Intention to leave the profession: antecedents and role in nurse turnover
Article first published online: 1 OCT 2008
© 2008 The Author. Journal compilation © 2008 Blackwell Publishing Ltd
Journal of Advanced Nursing
Volume 64, Issue 2, pages 157–167, October 2008
How to Cite
Parry, J. (2008), Intention to leave the profession: antecedents and role in nurse turnover. Journal of Advanced Nursing, 64: 157–167. doi: 10.1111/j.1365-2648.2008.04771.x
- Issue published online: 1 OCT 2008
- Article first published online: 1 OCT 2008
- Accepted for publication 4 June 2008
- intention to leave;
- nursing shortage;
- organizational behaviour;
- path analysis;
- workforce issues
Title. Intention to leave the profession: antecedents and role in nurse turnover
Aim. This paper is a report of a study to examine the relationship between intention to change profession and intention to change employer among newly graduated nurses.
Background. Few studies of the worldwide nursing workforce shortage consider the contribution of changing professions to the shortage. Organizational behaviour research has identified that professional commitment and organizational commitment have an important role in organizational turnover and that professional commitment and intention to change professions may have a greater role in organizational turnover than is presently understood.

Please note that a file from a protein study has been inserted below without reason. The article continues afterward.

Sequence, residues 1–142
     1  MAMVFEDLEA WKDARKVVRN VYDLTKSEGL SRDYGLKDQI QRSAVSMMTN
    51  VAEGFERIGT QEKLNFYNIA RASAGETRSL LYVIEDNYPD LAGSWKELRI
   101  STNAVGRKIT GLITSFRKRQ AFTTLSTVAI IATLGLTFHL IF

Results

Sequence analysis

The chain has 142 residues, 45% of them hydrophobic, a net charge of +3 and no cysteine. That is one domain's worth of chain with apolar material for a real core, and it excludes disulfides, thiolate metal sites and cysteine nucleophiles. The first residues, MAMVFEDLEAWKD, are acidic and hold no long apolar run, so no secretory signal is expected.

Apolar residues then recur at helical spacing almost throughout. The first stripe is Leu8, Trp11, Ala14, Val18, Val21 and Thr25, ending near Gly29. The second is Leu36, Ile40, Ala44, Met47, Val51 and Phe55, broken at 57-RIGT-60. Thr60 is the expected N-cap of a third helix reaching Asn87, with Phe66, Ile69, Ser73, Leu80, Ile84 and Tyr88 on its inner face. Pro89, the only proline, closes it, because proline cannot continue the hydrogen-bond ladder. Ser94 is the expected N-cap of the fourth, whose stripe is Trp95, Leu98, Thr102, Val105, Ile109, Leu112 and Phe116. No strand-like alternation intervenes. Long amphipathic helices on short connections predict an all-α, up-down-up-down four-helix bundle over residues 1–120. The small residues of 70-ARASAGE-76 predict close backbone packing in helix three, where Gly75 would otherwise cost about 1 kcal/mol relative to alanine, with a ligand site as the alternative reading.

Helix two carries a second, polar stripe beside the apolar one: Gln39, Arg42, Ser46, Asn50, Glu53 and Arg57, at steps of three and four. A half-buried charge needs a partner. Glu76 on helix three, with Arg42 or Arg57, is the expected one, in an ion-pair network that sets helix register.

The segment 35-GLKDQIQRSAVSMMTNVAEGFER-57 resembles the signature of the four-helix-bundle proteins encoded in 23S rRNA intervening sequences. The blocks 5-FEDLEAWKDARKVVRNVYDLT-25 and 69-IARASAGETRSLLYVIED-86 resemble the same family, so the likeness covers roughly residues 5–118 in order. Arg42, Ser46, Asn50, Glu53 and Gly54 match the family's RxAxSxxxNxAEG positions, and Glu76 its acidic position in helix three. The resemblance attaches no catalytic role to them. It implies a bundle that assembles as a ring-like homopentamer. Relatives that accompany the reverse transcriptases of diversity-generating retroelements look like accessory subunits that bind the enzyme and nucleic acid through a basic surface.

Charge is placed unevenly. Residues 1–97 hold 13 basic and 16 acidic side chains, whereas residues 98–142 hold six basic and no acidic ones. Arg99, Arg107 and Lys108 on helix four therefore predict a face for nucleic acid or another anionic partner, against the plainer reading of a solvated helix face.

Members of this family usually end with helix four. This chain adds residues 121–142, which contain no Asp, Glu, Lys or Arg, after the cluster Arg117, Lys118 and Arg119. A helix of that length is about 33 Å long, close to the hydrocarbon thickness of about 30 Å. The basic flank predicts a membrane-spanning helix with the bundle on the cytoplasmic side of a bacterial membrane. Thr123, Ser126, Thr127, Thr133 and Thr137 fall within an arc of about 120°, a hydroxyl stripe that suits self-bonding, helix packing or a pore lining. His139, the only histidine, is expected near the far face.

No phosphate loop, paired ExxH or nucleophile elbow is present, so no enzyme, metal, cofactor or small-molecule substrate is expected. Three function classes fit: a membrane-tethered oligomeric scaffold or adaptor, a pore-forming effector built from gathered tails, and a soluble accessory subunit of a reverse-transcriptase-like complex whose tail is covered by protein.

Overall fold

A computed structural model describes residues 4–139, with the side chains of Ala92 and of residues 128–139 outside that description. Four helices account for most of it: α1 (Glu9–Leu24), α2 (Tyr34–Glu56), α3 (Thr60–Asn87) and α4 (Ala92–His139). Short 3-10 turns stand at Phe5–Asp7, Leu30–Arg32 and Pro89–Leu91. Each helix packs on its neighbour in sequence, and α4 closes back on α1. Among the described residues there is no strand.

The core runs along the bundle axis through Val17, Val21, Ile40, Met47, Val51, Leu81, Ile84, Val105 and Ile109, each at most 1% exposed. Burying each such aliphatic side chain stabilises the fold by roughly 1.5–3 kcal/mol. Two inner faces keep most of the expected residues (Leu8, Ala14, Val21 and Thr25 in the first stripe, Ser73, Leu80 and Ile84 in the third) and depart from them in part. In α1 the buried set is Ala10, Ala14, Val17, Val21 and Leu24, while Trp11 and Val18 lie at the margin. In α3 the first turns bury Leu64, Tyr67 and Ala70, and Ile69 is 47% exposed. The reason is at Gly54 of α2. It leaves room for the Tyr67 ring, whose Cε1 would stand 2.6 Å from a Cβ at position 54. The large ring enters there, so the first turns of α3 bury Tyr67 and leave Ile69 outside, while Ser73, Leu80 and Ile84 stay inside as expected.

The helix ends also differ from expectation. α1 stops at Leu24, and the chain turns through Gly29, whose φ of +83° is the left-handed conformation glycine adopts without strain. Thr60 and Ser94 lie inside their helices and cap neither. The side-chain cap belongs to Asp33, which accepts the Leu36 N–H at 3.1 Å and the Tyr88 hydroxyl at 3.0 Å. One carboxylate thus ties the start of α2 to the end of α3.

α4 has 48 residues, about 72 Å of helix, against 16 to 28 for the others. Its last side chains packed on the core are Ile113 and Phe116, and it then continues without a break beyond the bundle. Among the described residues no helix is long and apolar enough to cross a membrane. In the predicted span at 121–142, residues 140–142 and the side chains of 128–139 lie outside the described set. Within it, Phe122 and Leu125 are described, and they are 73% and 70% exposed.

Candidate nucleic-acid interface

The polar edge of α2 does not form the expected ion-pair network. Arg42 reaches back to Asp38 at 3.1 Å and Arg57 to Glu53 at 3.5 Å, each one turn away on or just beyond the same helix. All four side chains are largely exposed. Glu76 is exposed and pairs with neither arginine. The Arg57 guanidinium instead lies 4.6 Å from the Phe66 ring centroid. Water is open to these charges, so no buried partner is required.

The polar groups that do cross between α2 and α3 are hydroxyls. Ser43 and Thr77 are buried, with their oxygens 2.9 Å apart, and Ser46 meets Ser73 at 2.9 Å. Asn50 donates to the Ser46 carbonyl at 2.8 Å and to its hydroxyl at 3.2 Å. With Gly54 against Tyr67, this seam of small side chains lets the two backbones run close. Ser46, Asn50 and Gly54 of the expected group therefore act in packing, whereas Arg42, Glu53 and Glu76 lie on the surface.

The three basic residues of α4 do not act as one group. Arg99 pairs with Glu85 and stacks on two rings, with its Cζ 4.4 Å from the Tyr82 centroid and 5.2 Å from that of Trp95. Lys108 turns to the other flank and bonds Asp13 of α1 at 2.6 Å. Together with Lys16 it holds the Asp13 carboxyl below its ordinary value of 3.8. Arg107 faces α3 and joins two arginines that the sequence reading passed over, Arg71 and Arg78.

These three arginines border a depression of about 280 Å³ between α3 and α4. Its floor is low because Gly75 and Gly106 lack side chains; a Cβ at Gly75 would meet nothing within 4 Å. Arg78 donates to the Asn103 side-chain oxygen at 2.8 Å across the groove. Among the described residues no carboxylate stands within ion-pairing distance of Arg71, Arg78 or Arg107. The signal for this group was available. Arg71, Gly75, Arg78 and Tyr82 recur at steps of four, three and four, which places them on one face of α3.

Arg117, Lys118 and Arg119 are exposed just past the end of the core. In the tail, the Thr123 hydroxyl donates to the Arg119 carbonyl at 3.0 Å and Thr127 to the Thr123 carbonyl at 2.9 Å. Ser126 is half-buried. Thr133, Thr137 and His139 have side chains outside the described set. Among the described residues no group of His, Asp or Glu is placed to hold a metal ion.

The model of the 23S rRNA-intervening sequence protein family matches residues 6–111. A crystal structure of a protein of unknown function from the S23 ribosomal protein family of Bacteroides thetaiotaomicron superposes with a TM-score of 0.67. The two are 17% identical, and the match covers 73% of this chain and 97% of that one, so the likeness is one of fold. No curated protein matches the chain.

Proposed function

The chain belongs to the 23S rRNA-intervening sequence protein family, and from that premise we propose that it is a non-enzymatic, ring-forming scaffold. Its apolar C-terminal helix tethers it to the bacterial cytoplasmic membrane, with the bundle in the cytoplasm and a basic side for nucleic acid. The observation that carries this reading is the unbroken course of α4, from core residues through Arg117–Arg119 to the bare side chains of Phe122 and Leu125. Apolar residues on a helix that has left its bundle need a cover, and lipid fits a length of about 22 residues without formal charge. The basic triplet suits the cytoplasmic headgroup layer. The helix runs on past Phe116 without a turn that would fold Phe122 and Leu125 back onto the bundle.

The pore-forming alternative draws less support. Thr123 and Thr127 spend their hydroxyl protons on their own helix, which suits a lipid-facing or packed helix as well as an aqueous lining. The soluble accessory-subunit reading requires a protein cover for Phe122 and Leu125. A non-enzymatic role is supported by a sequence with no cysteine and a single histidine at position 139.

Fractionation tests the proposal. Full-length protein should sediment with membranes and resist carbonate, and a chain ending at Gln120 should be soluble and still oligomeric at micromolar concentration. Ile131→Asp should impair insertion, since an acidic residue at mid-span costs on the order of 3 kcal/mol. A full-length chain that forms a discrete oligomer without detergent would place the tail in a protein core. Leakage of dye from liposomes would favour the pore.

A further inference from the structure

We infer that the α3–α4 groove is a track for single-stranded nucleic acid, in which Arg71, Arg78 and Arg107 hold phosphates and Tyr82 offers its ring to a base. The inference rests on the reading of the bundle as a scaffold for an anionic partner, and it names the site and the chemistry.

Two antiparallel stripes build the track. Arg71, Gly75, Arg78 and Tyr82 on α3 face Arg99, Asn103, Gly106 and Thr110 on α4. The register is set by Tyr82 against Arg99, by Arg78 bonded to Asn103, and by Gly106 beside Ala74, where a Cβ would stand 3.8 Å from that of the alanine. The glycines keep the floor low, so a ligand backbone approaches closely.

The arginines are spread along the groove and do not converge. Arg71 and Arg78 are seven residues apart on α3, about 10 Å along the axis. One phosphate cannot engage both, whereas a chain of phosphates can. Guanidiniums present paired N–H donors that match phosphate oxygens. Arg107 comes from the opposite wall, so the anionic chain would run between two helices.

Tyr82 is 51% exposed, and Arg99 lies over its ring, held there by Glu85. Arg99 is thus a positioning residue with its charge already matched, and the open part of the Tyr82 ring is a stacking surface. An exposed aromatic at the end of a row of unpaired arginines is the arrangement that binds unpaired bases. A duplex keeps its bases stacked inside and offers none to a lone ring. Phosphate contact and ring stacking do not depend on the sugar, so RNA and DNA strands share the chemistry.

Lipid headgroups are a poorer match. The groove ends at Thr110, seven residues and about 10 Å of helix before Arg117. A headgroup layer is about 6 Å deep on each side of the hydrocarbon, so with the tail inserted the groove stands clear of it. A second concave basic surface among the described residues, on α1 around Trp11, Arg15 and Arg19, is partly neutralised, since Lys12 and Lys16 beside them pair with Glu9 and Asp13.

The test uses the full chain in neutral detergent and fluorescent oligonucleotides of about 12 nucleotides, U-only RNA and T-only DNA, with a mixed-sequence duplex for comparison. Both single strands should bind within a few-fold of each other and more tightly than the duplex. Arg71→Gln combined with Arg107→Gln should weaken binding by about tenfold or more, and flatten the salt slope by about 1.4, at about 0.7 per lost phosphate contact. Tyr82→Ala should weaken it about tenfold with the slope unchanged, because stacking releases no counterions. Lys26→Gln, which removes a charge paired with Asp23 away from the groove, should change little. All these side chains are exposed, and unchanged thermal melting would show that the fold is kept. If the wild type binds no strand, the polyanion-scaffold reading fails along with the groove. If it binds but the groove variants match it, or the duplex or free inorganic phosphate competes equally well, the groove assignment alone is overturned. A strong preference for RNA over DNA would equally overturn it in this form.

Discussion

Method. A model of the relationships between affective professional commitment job satisfaction, organizational commitment, intention to change professions and organizational turnover intention was developed through review of the organizational behaviour literature and tested using path analysis. The sample was drawn from all nurses in Queensland, Australia, entering the workforce for the first time in 2005.
Results. The model was tested with a final sample size of 131 nurses in the initial period of exposure to the workplace. Affective professional commitment and organizational commitment were statistically significantly related to intention to change professions. Job satisfaction, organizational commitment and intention to change professions were statistically significantly related to intention to change employer.
Conclusion. Turnover research in nursing should include intention to change professions as well as intention to change employer. Policies and practices that enhance the development of affective professional commitment prior to exposure to the workplace and support affective professional commitment, job satisfaction and organizational commitment in the workplace are needed to help reduce nurse turnover.